You are not permitted to download, save or email this image. Visit image gallery to purchase the image.
VetSouth veterinarian Vincent Sharp said the practice had been seeing more cases of Salmonella Brandenburg this year than in previous seasons.
Dr Sharp said outbreaks followed a drop in immunity.
When the disease first appeared some years ago, farmers were vigilant in vaccinating ewes, but in recent times had relaxed vaccination programmes and the present outbreak could be attributed to that fact, he said.
Even if ewes were vaccinated, mobs could contract the disease, but the effect would be less than if they were not vaccinated, Dr Sharp said.
It was important aborted fetuses were picked up as soon as possible as seagulls could pick up the material and spread the disease to other properties, he said.
Dr Sharp said the disease had not only struck pregnant ewes, but was also prevalent in dairy cows.
"We have been busy calving rotten calves," Dr Sharp said.
While he was unsure how many areas were affected by the disease he believed it was "widespread".
The main concern for dairy farmers was that staff would pick up the disease when calving the cows.
But if the cows were calved in a dairy shed then disinfectant, gloves and hot water would be on hand, he said.
He urged farmers to carry, gloves and disinfectant on their farm bikes when out in the paddock to avoid becoming infected themselves.
Edendale Veterinary Clinic vet Claire Hunter said there were definitely more cases of Salmonella Brandenburg in Southland this year.
Dr Hunter agreed immunity to the disease was waning.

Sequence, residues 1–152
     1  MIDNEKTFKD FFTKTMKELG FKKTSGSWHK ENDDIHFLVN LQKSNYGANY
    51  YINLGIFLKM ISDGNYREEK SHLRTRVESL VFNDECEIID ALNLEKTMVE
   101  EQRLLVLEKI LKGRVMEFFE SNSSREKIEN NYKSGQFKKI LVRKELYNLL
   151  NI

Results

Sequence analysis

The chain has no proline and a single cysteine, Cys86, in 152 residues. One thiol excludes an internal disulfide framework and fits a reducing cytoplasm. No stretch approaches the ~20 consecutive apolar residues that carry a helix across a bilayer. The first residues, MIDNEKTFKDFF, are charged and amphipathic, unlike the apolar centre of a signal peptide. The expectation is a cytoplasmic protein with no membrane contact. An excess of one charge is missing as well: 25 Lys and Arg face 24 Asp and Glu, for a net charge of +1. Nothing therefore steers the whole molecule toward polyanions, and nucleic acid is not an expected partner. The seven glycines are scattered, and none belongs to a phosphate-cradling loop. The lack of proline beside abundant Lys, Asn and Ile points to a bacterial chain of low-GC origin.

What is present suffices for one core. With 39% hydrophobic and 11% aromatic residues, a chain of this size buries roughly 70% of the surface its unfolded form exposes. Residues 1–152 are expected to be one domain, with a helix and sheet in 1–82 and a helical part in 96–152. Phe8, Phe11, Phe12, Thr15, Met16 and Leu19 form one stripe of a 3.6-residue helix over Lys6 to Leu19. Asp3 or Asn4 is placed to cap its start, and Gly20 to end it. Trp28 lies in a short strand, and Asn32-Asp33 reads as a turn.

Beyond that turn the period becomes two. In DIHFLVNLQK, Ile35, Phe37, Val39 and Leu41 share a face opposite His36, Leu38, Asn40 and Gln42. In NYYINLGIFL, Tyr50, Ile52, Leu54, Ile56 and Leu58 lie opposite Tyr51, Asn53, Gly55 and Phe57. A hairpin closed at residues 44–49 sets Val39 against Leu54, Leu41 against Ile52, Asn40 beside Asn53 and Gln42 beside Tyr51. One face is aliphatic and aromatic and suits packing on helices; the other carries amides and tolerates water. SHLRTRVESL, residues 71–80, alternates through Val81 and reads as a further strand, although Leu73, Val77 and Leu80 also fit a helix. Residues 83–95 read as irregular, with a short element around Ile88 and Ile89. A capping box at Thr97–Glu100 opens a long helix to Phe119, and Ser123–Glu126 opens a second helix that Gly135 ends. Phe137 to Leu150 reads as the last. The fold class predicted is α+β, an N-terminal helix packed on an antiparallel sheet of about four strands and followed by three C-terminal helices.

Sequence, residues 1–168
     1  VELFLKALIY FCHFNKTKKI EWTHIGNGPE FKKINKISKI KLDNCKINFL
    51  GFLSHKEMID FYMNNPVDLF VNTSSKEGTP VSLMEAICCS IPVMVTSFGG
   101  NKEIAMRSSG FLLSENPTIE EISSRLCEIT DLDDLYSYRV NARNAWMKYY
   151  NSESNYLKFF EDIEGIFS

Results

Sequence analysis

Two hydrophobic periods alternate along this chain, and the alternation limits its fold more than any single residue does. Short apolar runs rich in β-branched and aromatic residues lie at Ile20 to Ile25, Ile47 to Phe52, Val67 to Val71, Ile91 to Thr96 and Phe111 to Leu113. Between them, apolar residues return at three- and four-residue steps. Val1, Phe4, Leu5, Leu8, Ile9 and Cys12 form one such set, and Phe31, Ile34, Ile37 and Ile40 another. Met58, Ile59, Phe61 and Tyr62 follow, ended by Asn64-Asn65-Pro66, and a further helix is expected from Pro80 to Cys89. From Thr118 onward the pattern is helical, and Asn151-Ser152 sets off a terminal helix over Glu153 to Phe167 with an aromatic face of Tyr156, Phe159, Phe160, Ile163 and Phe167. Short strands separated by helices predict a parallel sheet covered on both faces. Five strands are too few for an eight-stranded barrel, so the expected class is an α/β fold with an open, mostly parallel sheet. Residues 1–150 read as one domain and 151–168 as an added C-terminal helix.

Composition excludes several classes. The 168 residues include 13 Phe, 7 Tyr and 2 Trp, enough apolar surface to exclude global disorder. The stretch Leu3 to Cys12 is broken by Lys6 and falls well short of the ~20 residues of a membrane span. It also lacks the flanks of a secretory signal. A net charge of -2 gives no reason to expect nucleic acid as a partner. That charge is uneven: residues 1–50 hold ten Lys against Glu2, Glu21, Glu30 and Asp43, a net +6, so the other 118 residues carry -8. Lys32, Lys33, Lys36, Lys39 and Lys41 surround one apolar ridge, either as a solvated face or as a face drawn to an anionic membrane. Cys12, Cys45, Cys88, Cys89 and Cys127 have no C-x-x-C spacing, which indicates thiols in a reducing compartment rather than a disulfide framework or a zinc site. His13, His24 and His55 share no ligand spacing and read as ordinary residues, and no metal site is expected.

However, it is possible to treat ewes after they have aborted by giving them antibiotics.
Gribbles Veterinary Pathology Invermay pathologist John Gill said it was hard for the organisation to determine if there was a rise in the number of Salmonella Brandenburg cases as they were only sent between 30 to 40 per cent of total cases by vets, for confirmation.
One of the difficulties with dairy cows contracting the disease was that they usually carried the calves full-term and they then had to be calved.
"They don't seem to expel them [rotten fetuses]," Dr Gill said.
Waikoikoi farmer Stephen Lietze said his ewes had been hit by the problem this year and he estimated between 20 to 25 ewes had died and about 70 had aborted lambs so far.
"It's not as bad as some guys have had - it could have been worse," Mr Lietze said.
Vets advise farmers to spread ewes out in paddocks to lessen stress, but Mr Lietze said that often traded one problem for another.
He said if ewes got too much feed they could have bearing problems.
"So, it's a trade-off," he said.
Mr Lietze had stopped vaccinating, because there was more than one strain and vaccinated ewes still contracted the disease.
This was the third time ewes on Mr Lietze's property had had the disease, he said.